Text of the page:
Trump seeking tariffs on up to US$60b Chinese goods

Lester Mason
March 15, 2018

US steel jobs have been mostly lost due to technological change (i.e., robots, not China). He left open exemptions for other nations.

That's a long shot - Trump has railed against the USA trade deficit since entering the race for the presidency in 2015 - but we hope he will, as do many Oklahomans who will be impacted. The domestic steel industry has been "adversely affected" by lower-priced steel imports, Commerce concluded, losing market share and closing production facilities.

The impact will be felt in the auto industry and businesses heavily reliant on steel - from the likes of Deere & oil drilling.

The tariffs would cost lost trade worth $2.6 billion a year for the European Union and $1.1 billion for South Korea, according to Chad Bown, senior fellow at the Peterson Institute for International Economics.

A 25 percent tariff is considered quite steep.

Consumers also could see small increases in products from canned soup to beverages.

On March 10, Europe's Commissioner of Trade Cecilia Malmström and Japanese Economy and Trade Minister Hiroshige Seko metUS Trade Representative Robert Lighthizer, where the two outlined their arguments with Lighthizer, saying that both the European Union and Japan are strategic trade and security partners of the United States and are therefore exempt from the new tariffs according to US law that grants exceptions for allies and those that do not pose a national security threat.

The extent to which the tariffs boost US steel and aluminum producer margins will depend on the extent to which they are applied and enforced broadly.

In the 1980s, American steelmakers needed 10.1 man-hours to produce a ton of steel; now they need 1.5 man-hours, says Joe Innace of S&P Global Platts. The International Monetary Fund says the global economy grew 3.7 percent a year ago and expects it to grow 3.9 percent in 2018.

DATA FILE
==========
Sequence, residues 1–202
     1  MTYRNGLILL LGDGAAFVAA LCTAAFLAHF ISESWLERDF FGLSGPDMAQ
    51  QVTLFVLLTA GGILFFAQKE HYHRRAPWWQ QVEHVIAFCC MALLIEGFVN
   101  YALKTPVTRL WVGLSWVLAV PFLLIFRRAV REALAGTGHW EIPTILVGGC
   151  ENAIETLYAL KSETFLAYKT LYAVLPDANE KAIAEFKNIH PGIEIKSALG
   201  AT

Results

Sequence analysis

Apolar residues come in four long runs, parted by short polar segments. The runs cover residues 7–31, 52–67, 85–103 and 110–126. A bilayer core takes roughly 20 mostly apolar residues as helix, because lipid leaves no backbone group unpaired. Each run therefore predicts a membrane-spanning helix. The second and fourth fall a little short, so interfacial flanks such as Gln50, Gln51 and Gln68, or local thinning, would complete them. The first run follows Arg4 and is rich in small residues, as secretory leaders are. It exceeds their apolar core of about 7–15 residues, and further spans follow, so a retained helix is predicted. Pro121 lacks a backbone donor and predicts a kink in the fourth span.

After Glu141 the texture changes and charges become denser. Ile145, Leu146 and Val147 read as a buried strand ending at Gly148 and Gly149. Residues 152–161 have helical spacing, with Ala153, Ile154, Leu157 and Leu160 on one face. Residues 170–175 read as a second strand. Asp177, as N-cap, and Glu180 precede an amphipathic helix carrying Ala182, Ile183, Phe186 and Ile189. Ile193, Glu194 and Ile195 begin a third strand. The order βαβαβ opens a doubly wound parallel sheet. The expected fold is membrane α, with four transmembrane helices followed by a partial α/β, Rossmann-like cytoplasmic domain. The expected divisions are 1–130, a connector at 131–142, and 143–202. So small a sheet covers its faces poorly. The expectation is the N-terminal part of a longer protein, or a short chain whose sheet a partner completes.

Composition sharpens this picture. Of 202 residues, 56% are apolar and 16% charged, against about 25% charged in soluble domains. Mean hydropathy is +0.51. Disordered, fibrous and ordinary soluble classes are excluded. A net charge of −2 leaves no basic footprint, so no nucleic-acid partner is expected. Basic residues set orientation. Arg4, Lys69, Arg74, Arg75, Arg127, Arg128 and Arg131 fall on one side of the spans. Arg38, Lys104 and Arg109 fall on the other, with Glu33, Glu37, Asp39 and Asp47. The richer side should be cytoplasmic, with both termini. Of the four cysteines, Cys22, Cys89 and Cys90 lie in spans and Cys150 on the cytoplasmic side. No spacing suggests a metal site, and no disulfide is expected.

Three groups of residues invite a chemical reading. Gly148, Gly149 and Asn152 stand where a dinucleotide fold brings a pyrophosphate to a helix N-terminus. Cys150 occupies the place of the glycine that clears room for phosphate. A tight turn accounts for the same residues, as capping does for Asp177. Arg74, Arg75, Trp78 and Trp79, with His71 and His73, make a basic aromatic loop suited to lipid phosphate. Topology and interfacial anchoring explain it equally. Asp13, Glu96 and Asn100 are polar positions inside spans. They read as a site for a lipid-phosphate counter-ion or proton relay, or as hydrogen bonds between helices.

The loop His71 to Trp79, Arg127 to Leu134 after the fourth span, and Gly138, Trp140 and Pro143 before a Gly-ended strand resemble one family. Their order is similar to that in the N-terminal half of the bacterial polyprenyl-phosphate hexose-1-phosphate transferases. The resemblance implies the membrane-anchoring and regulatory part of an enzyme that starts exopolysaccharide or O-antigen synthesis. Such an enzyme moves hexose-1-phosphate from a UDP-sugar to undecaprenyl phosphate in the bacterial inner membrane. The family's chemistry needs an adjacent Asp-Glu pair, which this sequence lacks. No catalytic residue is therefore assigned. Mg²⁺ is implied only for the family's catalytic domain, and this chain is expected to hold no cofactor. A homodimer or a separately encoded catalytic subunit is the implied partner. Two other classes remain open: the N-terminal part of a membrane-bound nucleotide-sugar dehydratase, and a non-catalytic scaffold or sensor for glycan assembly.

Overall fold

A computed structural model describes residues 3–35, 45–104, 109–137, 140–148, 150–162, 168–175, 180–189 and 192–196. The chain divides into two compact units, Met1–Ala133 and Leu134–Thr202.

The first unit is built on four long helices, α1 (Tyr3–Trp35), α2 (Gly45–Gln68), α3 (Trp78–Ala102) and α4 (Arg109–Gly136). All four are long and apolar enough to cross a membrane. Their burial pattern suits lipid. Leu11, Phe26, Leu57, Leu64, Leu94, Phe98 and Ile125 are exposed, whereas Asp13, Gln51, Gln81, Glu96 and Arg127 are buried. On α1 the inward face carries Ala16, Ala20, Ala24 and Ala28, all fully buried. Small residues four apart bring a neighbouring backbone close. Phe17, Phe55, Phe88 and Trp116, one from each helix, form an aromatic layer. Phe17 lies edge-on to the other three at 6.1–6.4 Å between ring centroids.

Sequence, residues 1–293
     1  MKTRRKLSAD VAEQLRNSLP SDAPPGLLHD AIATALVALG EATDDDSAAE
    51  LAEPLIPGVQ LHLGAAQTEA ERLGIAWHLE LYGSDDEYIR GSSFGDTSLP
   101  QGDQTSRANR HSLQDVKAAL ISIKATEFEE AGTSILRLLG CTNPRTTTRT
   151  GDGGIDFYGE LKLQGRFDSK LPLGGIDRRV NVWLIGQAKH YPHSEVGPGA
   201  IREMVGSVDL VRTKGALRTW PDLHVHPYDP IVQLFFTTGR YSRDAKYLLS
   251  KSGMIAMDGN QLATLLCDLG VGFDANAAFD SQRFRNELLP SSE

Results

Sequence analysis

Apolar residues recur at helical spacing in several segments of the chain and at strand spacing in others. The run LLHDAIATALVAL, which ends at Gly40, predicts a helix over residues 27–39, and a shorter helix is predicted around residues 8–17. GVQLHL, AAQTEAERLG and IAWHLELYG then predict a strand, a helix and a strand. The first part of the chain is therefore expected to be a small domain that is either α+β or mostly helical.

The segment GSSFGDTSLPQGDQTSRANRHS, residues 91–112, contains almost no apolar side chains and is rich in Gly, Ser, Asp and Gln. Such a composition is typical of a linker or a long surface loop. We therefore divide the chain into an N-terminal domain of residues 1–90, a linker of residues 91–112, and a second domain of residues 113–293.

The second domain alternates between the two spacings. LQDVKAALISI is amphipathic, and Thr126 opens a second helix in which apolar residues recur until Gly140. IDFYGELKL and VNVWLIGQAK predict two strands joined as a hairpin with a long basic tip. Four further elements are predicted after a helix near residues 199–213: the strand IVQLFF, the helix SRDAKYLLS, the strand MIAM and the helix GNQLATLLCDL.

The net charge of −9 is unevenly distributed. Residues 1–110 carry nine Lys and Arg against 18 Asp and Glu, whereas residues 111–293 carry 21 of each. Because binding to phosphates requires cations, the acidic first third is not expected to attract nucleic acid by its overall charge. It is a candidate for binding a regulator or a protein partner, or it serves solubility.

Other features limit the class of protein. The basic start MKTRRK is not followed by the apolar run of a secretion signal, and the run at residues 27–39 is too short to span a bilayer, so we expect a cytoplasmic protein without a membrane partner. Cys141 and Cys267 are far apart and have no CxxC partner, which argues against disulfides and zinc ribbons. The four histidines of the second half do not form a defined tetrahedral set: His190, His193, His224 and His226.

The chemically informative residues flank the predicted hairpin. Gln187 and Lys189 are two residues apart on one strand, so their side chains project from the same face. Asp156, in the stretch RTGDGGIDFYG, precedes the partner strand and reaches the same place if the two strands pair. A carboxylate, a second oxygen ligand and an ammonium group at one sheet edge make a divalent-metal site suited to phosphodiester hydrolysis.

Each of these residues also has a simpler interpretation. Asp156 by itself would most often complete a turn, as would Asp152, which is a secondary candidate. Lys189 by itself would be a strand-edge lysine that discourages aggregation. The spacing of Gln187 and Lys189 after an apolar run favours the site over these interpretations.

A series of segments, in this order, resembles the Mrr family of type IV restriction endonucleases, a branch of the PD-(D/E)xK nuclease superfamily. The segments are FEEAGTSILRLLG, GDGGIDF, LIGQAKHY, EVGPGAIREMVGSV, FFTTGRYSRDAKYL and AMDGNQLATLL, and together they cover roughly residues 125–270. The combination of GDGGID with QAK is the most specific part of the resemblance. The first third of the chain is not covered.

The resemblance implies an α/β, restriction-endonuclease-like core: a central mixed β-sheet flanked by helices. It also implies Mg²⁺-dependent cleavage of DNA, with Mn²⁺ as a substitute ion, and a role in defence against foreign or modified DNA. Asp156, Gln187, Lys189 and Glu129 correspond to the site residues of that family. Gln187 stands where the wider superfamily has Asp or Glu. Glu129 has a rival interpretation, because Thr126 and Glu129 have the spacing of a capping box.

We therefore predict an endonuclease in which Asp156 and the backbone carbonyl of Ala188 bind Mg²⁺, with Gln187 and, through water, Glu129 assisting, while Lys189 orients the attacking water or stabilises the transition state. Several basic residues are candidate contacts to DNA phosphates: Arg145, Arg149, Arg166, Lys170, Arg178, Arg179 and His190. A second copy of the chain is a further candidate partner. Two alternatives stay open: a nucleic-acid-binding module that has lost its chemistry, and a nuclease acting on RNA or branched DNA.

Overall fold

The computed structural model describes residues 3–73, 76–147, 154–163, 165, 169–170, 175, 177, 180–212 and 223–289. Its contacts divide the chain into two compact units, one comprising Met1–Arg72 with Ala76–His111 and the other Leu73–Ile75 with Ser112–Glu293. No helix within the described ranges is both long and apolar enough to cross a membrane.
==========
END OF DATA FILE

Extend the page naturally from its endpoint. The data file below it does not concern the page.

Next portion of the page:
"As I said to the congressional leadership, as I said to the president last week: We are always happy to better co-ordinate and to work together to do even more to ensure that we are protecting the North American steel industry". Tariffs might make Trump and his diehard followers feel better, but they'll hurt more American pocketbooks than they benefit.

Indonesia said that while it the steel and aluminum tariffs are not a big problem for its industry, the country would be in trouble if the USA targeted its palm oil, a key export used in a huge number of consumer products. Japan, South Korea, China, Taiwan, Germany and Brazil were hardest hit.

In the last few days, China has warned U.S. of retaliation.

In 2002, when the US implemented steel tariffs, the result was a loss of 200,000 jobs, according to a 2003 report by Trade Partnership Worldwide. Canadian foreign affairs minister Chrystia Freeland described Nafta and the steel and aluminium tariffs as "quite distinct issues", adding that "our negotiating positions are absolutely unchanged". Stated differently, the US can't harm the Canadian economy without simultaneously shooting itself in the foot.

The EU has been talking with partners about a legal challenge at the World Trade Organization to Trump's plan.

In the call with Trudeau, Trump "emphasised the importance of quickly concluding the ongoing Nafta negotiations", the White House said.

China has yet to offer a list, but soybeans have been frequently mentioned. "You'd expect a policy this bad from a leftist administration, not a supposedly Republican one". Vertical notes that similar tariffs on steel imposed by President Bush on imports under Section 201 of the Trade Expansion Act in 2002 ultimately exempted more than 700 different steel products from their effect, "prompting a resurgence in imports" after an initial slump.

The other 11 nations signed an accord last week and have reached out to China.

Gregory Mankiw, a Harvard economics professor who advised President George W. Bush, told the Washington Post: "On trade policy, President Trump appears to be listening to advisers with views far outside mainstream economics". "A lot of steel mills are now opening up because what I did", Trump crowed, without offering evidence.

Congress would do well to grow a backbone and step in before serious economic damage occurs.

Other reports by Iphone Fresh

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